Buck V. Chevroly Case Summary

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A. BWO will likely be able to prove that Chigurh was terminated for a legitimate business reason either because he held a management position or for the financial factors associated with fulfilling the agreement with Wells.

An employer may terminate an employee for good cause under the WDEA. § 39-2-904(b). Good cause is defined as “reasonable job-related grounds for dismissal based on a failure to satisfactorily perform job duties, disruption of the employer’s operation, or other legitimate business reason.” § 39-2-903(5). The Court has interpreted a legitimate business reason as, “a reason that is neither false, whimsical, arbitrary or capricious", that must have some logical relationship to the needs of the business. Buck v. Billings Mont. Chevrolet, Inc., 248 Mont. 276, 281-82, 811 P.2d 537, 541 (1991).
An employer has more choice in terminating managerial employees because they have broad discretion over relations. Id. at 283, 811 P.2d at 541. In Buck, the general manager of Frontier Chevrolet was replaced by a long term employee selected by the new owner after neither failing to perform …show more content…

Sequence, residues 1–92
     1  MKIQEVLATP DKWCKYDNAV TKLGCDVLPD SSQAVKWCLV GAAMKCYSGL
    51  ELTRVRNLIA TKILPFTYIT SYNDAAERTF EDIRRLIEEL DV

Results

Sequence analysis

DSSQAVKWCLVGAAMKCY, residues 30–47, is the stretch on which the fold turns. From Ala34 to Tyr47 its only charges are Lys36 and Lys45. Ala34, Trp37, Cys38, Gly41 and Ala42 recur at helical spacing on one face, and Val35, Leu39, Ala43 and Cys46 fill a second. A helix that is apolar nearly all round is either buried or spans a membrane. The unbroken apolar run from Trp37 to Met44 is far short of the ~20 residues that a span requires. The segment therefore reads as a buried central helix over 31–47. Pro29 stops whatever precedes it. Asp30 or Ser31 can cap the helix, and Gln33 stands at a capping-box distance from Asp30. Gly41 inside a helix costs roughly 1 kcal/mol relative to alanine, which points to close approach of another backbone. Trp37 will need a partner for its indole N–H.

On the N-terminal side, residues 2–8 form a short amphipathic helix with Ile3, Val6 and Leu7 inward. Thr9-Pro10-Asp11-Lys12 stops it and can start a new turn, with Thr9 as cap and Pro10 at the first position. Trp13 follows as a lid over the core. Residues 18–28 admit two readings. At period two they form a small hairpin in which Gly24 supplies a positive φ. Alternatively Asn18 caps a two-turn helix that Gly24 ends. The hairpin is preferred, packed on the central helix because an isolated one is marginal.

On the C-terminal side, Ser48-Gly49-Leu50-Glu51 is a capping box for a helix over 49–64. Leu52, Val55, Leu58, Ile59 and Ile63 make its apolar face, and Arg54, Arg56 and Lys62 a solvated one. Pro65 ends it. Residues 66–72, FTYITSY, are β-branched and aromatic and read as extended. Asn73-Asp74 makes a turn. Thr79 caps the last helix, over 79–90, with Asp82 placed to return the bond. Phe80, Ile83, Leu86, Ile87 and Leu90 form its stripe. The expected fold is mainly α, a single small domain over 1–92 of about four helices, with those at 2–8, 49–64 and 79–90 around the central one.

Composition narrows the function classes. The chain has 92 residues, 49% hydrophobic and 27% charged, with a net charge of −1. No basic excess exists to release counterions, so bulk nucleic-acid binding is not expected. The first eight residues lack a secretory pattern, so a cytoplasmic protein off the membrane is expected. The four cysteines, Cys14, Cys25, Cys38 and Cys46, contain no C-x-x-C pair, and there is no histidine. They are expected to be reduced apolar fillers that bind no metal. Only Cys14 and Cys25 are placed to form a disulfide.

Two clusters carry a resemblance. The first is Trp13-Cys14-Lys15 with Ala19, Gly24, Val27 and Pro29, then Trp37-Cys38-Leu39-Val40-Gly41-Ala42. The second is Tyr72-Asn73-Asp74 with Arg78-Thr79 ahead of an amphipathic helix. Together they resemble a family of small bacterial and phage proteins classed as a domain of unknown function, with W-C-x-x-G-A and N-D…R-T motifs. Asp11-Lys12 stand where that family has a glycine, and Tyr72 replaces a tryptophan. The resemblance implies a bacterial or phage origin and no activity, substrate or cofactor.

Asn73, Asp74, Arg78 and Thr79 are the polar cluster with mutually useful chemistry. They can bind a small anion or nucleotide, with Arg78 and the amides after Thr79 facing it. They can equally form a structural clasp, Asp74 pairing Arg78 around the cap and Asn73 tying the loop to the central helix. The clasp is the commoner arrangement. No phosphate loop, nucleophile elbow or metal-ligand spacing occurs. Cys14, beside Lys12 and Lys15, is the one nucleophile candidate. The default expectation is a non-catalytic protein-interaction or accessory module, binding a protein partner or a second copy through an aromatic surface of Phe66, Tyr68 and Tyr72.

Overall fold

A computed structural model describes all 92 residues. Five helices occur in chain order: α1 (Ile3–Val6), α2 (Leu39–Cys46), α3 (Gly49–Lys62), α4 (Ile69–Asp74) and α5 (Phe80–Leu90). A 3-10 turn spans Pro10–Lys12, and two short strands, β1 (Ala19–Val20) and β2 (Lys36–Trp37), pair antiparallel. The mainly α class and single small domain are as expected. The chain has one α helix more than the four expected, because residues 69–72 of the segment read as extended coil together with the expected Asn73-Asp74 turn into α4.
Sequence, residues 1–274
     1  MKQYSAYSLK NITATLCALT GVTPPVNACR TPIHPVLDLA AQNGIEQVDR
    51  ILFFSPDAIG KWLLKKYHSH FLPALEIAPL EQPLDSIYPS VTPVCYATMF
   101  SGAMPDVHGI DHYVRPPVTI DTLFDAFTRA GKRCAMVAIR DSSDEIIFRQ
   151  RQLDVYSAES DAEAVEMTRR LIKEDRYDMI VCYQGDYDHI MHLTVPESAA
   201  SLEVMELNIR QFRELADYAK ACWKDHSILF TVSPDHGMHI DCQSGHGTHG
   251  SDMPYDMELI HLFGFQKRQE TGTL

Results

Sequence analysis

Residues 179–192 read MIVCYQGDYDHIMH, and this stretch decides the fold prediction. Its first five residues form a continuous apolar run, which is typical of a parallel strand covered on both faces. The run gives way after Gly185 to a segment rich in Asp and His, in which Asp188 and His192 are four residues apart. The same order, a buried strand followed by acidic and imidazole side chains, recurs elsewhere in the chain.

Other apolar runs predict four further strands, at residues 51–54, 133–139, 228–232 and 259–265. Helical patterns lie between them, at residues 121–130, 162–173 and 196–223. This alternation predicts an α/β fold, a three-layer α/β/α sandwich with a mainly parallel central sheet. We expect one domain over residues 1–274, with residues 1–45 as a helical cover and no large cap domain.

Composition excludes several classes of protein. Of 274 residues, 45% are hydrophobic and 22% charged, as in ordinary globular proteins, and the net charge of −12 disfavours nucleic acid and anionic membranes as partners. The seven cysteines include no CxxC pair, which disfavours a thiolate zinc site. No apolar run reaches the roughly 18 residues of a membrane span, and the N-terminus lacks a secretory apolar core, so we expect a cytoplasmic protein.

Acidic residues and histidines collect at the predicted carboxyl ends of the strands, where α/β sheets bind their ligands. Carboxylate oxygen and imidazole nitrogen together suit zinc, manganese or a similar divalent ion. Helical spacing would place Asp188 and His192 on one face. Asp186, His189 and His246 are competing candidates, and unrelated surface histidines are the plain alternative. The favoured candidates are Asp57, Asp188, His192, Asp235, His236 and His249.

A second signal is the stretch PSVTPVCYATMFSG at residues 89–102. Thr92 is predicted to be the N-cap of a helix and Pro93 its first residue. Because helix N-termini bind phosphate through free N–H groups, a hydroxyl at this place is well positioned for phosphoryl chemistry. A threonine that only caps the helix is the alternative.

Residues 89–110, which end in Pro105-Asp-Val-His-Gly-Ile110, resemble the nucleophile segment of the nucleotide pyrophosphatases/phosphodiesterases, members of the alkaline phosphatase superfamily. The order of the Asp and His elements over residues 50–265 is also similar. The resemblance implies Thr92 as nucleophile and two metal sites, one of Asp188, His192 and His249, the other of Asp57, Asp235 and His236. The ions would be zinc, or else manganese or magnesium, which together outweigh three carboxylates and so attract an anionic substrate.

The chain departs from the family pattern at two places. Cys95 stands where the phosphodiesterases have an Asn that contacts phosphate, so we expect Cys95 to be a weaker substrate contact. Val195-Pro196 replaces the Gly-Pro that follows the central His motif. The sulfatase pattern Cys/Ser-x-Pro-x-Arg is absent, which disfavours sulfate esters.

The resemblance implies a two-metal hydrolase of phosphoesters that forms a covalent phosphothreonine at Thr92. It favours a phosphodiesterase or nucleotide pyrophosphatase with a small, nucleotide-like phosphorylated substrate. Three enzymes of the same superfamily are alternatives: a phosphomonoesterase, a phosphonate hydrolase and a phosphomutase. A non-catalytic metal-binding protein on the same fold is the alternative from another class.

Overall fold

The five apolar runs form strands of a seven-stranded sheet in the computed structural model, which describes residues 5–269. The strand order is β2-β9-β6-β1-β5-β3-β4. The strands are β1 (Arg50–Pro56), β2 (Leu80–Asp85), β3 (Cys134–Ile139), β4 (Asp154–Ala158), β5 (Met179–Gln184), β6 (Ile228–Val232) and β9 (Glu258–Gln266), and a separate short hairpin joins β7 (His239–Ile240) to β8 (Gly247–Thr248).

As in Buck, when the plaintiff was terminated from his management position and offered a lower role in the company, here Chigurh was given the ultimatum to take an inferior position or quit. In Buck, the Court cautioned becoming involved in day-to-day business decisions and that employers hold more discretion in terminating high level employees. The McConkey Court held, “where the complaining employee is in an executive position, makes top level policy and strategic decisions, and great trust is placed in his judgment, courts must be cautious in second guessing employment decisions.” McConkey, ¶ 33. This decision gives a spot on interpretation of Chigurh’s former duties, and it is likely that the court will determine Chigurh was let go for a legitimate business

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